Kumquats, a citrus fruit from the orange family, are a winter produce available from January to March or April. These little oval-like gems may not be available for too long, but when they are in season, their bright, sweet-tart citrus flavor is stunning, irresistible, and addictive.
When you are lucky enough to find these tiny fruits, you will want to enjoy them to the fullest, so choosing the right recipe is important.
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This is one type of citrus fruit you not peel. Kumquats are great just as they are, skin and all. The peel is actually a bit sweeter than the pulp, so eating them whole gives them a balanced flavor. Keep a bowl on the counter for an easy, vitamin C-packed snack. You can spit out the seeds if you want, but they are edible too.
Look for organically grown kumquats, and make sure to rinse them clean and pat them dry no matter which type you buy.
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The sour tang of kumquats works great with many of the greens available in winter, especially endive and spinach. Halve, chop, or thinly slice the kumquats before adding them to the salad. One green salad to try is an endive kumquat salad, made simply with fresh herbs, lemon juice, and a neutral oil.
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Kumquats—halved or chopped—add a tangy sweetness to a fruit salad. They are extra delicious with kiwis (also a winter fruit) but consider simply combining them with other sliced citrus fruits to achieve a delicious and colorful effect. A bit of mint also adds a brightness and freshness to the dish.
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Preserving kumquats allows you to literally capture the fruit's sweet-tart flavor and seal it in a jar to use any time you like. Combined with a bit of diluted honey and some sugar, the result is luscious and delicious. This preserve is not too much trouble to make, either. Serve the preserves spooned on ice cream, plain yogurt, or even a dish of ricotta cheese. This preserve and its syrup can also make a fantastic glaze for pork or ham.Continue to 5 of 7 below.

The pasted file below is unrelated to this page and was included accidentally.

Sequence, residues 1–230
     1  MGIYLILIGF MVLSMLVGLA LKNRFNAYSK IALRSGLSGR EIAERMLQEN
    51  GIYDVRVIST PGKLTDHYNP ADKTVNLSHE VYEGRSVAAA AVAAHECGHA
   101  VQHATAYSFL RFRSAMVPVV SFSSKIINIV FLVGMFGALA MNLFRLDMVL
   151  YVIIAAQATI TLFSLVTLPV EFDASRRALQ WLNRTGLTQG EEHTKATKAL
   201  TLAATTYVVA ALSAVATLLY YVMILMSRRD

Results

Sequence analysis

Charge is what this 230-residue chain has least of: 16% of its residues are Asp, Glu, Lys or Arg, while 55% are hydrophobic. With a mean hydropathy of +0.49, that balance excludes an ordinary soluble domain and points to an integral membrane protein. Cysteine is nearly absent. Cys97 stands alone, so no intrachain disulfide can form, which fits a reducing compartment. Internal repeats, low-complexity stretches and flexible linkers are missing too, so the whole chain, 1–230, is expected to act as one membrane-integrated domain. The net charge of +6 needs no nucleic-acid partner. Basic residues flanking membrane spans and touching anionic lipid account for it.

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A kumquat-orange marmalade is perfect for spreading on toast for a delightful start to the morning. Kumquats and orange are finely chopped in a food processor, combined with sugar, and boiled until thick. This fresh jam will last up to two months in the refrigerator or six months in the freezer.
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Flavored vodkas are easy to come by in several fruit varieties, but finding one that is made with kumquats can be challenging. Luckily, making your own kumquat vodka couldn't be easier—it simply requires soaking some kumquats in vodka for a day or three. The result is bright, fresh, citrusy, and boozy, of course. Drink it neat, iced, shaken into a martini, or mixed into a fruity cocktail. The liquor-soaked kumquats are the perfect cocktail garnish. Prefer gin? Use it instead of vodka.
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Incorporating kumquats into a cake is a wonderful way to enjoy this special fruit. You can cut it up and use it as a topping or pureed and incorporated into the batter. Kumquats bring an unexpected but welcome touch to an otherwise simple cake.
Puree kumquats and add it to a batter tinged with ginger and studded with crushed almonds. This combination makes for a refreshing bundt cake. The sweet citrus taste of the fruit adds a nice hint of tartness, complemented by a glaze made of sugar, butter, and lemon juice.